"So when Jews first stood upright in the savannah they blew on their shofars, bobbed up and down, dropped stones, and praised lightning and thunder... everybody else ran for cover ... When noise, breath, speech and music were all the same. In those days c. 40,000 years ago, sea shells, human bones, animal horns and bamboo were the instrumentarium of the wind-section of the human big-band. On occasion they would jam in the great Rift Valley, or Nubian desert, in a club on the Nile or the Euphrates rivers or in some asteroid crater in Tajikistan. Roving groups of just a few, or hundreds, would meet by chance in these special locations—take out their beautiful ram, eland, kudu, gazelle, elephant, or argali horns and go for it."
So says Alvin Curran in the liner notes to this fantastic album. Curran, the iconoclast, avant-garde experimenter goes back to Jewish roots in a very distant time, playing nothing less than the ram's horn, the jewish "shofar" in a collated and dubbed interplay with his own electronics and ambient sounds, and pieces of performances with William Winant on large tam tam, Arnold Dreyblatt on accordion and Michael Riessler on soprano clarinet.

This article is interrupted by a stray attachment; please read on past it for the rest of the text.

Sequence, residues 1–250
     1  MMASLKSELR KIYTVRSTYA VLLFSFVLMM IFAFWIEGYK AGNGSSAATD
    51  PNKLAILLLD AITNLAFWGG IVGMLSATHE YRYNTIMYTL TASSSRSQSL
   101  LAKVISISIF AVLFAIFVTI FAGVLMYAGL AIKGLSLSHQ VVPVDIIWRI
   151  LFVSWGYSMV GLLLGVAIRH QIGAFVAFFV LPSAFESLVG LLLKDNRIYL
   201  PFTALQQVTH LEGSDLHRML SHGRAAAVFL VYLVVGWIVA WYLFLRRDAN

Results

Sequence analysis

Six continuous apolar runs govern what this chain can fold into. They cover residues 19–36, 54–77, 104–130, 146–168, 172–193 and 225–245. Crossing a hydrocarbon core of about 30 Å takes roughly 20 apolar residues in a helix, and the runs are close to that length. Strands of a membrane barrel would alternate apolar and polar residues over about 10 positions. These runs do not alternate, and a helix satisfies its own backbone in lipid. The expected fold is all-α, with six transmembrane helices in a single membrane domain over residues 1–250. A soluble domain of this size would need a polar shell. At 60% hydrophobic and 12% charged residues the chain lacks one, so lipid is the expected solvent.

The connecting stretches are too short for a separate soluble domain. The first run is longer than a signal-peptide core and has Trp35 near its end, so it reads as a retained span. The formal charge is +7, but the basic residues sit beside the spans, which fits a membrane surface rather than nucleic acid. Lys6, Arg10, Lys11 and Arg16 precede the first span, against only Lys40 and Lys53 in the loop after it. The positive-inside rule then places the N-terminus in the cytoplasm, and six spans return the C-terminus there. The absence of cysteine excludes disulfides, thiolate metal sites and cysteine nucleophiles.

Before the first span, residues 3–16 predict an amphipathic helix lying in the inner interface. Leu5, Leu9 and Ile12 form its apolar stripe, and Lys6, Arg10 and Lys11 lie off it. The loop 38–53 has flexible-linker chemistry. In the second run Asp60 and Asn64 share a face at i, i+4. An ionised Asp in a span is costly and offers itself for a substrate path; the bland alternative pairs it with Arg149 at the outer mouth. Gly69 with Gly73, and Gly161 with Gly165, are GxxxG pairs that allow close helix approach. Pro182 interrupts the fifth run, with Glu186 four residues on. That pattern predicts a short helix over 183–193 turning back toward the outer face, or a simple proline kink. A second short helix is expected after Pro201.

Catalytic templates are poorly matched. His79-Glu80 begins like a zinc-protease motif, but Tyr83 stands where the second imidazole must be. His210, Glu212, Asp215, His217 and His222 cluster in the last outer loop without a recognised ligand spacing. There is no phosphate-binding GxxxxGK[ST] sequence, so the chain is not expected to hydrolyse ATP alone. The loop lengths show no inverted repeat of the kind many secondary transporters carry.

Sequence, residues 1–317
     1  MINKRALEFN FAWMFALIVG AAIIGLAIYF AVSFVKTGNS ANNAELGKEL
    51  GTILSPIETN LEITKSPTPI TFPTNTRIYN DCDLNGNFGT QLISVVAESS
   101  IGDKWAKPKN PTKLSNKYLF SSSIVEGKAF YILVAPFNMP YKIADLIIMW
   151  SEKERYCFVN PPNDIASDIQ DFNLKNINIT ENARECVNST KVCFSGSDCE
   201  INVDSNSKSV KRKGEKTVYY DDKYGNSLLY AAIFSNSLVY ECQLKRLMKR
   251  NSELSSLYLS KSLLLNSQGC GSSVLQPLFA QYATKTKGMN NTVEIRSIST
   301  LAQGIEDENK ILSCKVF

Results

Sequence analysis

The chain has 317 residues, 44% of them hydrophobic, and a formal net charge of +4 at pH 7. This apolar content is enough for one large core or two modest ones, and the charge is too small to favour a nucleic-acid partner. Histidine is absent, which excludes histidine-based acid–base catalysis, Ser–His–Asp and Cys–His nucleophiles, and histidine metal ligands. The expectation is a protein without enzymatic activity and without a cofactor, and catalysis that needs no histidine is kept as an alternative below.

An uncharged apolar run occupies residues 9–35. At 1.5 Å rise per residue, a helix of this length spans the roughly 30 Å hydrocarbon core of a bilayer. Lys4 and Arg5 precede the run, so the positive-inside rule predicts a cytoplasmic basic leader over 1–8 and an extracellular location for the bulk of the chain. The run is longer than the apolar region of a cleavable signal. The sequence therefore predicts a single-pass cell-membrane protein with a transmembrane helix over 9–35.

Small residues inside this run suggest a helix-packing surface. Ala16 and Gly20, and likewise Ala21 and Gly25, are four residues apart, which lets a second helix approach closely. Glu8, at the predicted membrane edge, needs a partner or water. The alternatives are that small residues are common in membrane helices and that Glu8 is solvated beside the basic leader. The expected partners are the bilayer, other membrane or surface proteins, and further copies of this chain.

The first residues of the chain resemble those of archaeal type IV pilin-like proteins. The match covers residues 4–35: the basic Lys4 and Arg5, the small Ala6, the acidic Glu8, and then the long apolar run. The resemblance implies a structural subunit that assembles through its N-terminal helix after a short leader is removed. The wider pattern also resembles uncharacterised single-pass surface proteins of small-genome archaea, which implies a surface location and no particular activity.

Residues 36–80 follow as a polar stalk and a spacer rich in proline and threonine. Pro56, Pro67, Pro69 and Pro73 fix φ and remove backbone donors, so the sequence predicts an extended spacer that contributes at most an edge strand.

The result is absolutely staggering, truly something you've never heard before and for that reason alone already worth the purchase.
The shofar itself as an instrument has only one tone, and the player has to use lip and breath techniques to vary the sounds, and incredibly as it seems, Curran makes this unwieldy instrument come to life in the most gripping and moving way, varying between long laments or low growls, between spiritual meditation and sounds of utter agony.
But Curran goes even further "The challenge I set myself, to morph the shofar’s archaic technology with the very latest software, remains an elusive post-modern dream because this ur-instrument defies intelligence, whether artificial or human, and shows no native interest in partnering with cold digital chips. Both sides have lots of “attitude”—from arrogance to anarchy to autism. There could not be a better setup for mutual annihilation."
Yet he achieves the opposite, as you might expect. The shofar sounds are contrasted, embedded, surrounded, amplified and accompanied by noises from real life or radio or nature or other performances, dubbed and edited and mangled into something unique, the perfect match between prehistory and science fiction.
Yet that's only the technical part. In essence, the album is about roots, about universal feelings, that may have generated awe in olden days, a feeling of belonging and joint suffering and reverence and elation, yet that today are still recognisable and may generate the exact same feelings and esthetic appreciation, regardless of culture or geography or gender or ethnicity ... and yes why not ... regardless of musical preferences.